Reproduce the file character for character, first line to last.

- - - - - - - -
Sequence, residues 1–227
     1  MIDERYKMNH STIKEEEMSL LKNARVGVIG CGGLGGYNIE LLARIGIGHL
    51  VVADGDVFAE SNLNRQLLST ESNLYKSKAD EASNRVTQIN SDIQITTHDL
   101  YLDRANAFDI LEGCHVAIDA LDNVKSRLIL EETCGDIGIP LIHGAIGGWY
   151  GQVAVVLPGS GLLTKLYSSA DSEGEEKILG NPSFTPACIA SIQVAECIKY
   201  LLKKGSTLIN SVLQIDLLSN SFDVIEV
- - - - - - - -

Sequence, residues 1–227
     1  MIDERYKMNH STIKEEEMSL LKNARVGVIG CGGLGGYNIE LLARIGIGHL
    51  VVADGDVFAE SNLNRQLLST ESNLYKSKAD EASNRVTQIN SDIQITTHDL
   101  YLDRANAFDI LEGCHVAIDA LDNVKSRLIL EETCGDIGIP LIHGAIGGWY
   151  GQVAVVLPGS GLLTKLYSSA DSEGEEKILG NPSFTPACIA SIQVAECIKY
   201  LLKKGSTLIN SVLQIDLLSN SFDVIEV